Two different families escape from the political tyranny of their respective homelands, the Josephsons from Sweden and Matias and Kurt Bauman, brothers from Germany and Austria Hungary, with the aid of a Viennese opera diva, Sophie Augusta Rose, and Jean Guenoc, a former Jesuit priest, family friend and protector and partisan of the French underground.
Their journey brings them to America in the throes of the industrial revolution during the 1890s and early 1900s. Ingrid and Olaf Josephson settle on a small wheat farm in North Central Minnesota to raise their children, Newt and Julie.
Among the Jewish entrepreneurs forced to leave Germany and Austria-Hungary, Matias and Kurt Bauman re-establish their transportation company in Chicago, Illinois.
In search of a secret list of insurgent social democrats, the bounty hunter assassin, Luther Baggot, tracks his victims to the American heartland. Following the murder of their mother and father, Newt, Julie, and their friends, Aaron and Beth Peet, hide from the killer in a Northern Minnesota logging camp. Believing the children have taken possession of the list, Luther tracks them down.
Fleeing to a central Minnesota town, the four young people come across a remote business location of Bauman Enterprises and meet Matias Bauman, who had been a friend and former political collaborator with Newt’s and Julie’s parents. He takes them all to Chicago where a different world opens up to them as they are thrust into the turmoil and violence of an urban society and economy careening into the new century.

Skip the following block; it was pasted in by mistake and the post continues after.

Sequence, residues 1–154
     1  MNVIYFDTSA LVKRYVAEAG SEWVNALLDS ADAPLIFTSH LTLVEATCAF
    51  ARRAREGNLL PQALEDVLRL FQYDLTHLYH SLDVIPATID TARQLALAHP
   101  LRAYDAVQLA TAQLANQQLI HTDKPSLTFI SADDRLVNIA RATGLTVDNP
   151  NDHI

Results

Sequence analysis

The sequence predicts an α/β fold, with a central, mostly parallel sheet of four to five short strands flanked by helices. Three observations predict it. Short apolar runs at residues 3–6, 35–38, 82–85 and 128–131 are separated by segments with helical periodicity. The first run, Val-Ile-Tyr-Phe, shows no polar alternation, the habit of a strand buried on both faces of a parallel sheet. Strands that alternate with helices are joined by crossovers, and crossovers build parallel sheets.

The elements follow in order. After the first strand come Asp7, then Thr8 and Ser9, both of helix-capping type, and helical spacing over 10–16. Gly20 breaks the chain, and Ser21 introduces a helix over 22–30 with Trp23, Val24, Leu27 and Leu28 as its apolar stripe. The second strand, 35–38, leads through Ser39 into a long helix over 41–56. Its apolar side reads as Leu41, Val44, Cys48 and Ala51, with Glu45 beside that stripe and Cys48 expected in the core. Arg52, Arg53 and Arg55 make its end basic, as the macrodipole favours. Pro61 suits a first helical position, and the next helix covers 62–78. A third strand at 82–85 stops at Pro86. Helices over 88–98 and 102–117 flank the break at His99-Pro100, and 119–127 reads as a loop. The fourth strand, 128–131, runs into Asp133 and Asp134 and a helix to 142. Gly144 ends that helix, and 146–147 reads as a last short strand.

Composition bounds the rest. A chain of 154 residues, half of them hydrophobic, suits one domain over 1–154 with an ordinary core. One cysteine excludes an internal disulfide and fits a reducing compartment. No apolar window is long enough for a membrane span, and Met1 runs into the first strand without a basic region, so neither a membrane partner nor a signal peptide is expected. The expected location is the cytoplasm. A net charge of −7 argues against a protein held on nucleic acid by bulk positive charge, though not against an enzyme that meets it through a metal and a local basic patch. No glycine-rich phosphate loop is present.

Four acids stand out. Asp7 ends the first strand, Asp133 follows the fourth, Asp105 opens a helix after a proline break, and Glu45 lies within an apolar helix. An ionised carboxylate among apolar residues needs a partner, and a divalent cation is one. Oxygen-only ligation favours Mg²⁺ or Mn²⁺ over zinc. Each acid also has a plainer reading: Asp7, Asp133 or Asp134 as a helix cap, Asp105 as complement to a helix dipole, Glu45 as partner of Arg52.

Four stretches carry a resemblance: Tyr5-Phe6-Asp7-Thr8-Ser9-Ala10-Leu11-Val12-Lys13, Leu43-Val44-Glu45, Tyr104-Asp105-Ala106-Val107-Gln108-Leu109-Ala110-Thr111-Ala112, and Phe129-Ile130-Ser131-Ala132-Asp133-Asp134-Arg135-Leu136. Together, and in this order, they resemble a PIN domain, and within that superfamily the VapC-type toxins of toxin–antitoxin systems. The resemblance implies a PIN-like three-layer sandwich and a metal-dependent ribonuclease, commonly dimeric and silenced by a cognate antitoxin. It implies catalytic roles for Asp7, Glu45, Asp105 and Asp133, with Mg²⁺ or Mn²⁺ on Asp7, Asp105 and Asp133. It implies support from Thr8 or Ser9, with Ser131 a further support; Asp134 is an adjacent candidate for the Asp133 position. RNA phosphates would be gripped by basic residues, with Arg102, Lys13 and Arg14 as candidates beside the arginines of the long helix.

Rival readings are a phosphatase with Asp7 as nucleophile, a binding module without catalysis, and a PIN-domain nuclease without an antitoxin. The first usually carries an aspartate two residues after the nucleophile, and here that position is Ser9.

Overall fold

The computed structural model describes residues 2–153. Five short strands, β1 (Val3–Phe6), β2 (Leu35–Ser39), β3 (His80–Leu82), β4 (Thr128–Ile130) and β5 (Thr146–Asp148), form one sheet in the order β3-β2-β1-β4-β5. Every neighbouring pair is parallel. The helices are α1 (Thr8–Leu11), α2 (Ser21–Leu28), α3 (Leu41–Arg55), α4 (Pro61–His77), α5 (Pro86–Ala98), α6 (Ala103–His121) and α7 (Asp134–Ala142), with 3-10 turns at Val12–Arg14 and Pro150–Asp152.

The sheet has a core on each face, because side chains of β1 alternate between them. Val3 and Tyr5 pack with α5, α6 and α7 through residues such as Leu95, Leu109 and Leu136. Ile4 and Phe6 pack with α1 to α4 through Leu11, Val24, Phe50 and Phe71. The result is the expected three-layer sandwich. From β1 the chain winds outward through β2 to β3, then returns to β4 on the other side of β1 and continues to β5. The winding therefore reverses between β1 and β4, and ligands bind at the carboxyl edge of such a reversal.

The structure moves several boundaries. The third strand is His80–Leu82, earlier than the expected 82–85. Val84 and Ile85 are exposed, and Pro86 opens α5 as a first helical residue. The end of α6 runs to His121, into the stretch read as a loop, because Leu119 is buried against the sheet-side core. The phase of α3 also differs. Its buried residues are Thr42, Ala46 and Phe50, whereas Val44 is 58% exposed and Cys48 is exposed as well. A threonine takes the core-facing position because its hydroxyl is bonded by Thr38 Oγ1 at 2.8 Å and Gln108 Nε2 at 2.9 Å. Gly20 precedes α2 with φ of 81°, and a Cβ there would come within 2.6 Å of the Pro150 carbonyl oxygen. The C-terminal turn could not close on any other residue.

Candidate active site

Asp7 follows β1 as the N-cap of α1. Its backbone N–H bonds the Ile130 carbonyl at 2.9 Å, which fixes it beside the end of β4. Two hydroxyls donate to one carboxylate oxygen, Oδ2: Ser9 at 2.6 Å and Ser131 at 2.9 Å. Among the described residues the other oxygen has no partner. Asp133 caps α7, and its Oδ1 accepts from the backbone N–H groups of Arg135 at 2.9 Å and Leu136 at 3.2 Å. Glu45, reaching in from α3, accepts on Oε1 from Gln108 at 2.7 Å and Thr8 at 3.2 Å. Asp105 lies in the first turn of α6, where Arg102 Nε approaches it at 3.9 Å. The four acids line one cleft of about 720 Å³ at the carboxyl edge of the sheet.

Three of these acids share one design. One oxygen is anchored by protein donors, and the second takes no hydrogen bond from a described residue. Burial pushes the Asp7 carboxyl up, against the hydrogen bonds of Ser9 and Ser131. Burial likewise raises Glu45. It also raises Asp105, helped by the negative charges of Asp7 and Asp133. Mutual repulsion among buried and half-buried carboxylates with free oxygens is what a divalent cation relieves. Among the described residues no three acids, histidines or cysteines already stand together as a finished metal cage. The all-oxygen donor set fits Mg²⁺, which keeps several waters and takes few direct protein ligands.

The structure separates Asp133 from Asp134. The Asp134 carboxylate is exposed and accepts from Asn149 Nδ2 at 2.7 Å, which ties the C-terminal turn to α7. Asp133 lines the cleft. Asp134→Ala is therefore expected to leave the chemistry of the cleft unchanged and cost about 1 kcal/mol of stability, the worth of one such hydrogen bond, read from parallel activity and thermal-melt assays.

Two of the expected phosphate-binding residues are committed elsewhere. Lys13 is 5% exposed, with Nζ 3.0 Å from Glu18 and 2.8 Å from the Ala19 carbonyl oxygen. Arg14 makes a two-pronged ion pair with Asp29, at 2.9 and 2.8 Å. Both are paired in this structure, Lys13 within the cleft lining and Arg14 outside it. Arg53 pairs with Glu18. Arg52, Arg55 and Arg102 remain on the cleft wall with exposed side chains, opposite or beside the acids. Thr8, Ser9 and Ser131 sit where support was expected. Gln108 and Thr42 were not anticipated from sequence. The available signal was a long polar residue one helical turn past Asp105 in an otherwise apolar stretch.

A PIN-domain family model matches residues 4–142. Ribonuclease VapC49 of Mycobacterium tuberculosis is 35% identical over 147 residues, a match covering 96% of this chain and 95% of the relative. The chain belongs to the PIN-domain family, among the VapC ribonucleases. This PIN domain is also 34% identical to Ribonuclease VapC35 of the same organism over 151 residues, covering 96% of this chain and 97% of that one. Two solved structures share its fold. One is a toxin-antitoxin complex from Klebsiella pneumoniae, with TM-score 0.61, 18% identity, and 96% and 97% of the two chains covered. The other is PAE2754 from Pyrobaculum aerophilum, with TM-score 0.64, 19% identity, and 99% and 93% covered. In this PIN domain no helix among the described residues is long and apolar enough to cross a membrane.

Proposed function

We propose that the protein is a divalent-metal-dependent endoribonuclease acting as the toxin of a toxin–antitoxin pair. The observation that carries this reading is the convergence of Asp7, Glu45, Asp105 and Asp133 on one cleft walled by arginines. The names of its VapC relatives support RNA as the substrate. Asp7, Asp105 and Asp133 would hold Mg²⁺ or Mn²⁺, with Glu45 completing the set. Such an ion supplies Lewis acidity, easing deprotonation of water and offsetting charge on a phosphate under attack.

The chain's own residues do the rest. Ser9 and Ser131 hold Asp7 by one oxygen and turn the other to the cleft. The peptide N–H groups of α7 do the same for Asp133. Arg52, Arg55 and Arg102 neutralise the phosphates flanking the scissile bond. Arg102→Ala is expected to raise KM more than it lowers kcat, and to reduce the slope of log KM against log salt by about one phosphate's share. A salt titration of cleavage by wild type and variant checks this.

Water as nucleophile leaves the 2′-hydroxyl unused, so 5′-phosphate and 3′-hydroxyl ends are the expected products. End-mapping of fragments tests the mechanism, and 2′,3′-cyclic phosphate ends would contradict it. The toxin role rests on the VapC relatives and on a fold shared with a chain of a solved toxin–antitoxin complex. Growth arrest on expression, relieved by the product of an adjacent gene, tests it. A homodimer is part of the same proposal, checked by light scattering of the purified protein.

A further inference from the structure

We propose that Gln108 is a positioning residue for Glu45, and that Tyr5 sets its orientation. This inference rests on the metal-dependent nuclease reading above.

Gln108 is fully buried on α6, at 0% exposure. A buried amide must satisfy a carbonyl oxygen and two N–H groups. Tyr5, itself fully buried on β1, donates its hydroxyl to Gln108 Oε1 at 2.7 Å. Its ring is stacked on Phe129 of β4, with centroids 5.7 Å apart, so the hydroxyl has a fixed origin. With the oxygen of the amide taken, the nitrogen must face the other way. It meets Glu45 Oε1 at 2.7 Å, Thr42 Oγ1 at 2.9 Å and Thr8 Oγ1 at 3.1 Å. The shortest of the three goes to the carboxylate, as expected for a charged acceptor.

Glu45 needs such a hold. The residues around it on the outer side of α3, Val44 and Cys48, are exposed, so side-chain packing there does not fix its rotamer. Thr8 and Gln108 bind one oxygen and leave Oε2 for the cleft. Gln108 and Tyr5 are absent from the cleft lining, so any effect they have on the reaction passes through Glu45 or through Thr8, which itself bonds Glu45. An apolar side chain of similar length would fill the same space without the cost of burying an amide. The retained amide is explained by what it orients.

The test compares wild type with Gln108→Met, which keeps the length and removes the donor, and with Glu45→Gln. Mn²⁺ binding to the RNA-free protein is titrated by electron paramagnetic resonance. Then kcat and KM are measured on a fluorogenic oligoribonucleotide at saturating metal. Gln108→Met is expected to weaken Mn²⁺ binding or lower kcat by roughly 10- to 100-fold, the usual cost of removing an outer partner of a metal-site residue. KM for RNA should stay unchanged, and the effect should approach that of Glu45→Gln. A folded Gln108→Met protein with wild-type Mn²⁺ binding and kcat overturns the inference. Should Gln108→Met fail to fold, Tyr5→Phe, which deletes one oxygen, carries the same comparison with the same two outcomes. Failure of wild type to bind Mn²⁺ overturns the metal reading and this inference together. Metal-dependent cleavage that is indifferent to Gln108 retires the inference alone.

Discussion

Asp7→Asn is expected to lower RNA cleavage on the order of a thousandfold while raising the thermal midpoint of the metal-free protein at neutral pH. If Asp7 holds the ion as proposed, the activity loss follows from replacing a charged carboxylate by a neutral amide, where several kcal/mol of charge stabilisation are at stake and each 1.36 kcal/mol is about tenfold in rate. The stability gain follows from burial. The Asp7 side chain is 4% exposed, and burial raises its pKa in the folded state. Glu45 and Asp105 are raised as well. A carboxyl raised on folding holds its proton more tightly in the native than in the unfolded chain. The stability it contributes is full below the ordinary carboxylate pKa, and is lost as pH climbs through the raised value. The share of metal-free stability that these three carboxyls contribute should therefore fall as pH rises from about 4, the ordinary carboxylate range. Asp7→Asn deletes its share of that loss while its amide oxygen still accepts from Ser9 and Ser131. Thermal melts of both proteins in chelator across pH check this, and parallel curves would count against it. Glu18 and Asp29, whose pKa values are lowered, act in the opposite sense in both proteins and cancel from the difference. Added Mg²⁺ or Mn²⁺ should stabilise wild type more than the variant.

The smoke from morning fires sifted from tall chimneys in wispy tendrils blending with the gray prelude to dawn. A thin stream of people began to stir from their shops and apartments into the streets to bring Vienna out of sleep.
Carrying a large carpet bag and with a leather trunk in tow, Sophie struggled through her front door and called out to an urchin bent on scavenging his breakfast.
“You, boy, schnell get me a cab from the Ringstrasse and three guilders are yours. You can buy your breakfast.”
The boy waved he understood and ran off, returning a few minutes later with a horse and cab in tow. She paid the boy to remain long enough to assist her in hefting the trunk to the driver, who positioned it behind him on the roof of the cab.
“To the wharf,” she instructed.
The horse pulled the cab at a brisk trot along the cobbled street, took the turn to the Ringstrasse and headed south along the boulevard through the sparse morning traffic of cabs, light coaches and carts and wagons.
Approaching the waterfront, they penetrated a fog rising from the river partially concealing a long row of warehouses and shipping offices that lined the wharf. Keening seabirds that had migrated inland swarmed overhead swooping in and out of the whitish tendrils where two steam ships and a tug and barge nudged the algae-encrusted pilings.
Sophie called to the driver to stop before the Wohlman shipping office and warehouse. She stepped out of the cab and the driver clambered down with her trunk. As soon as the cab pulled away, a plainclothes police officer walked over to her from a cavernous warehouse door where stevedores were transferring freight to one of the steamships.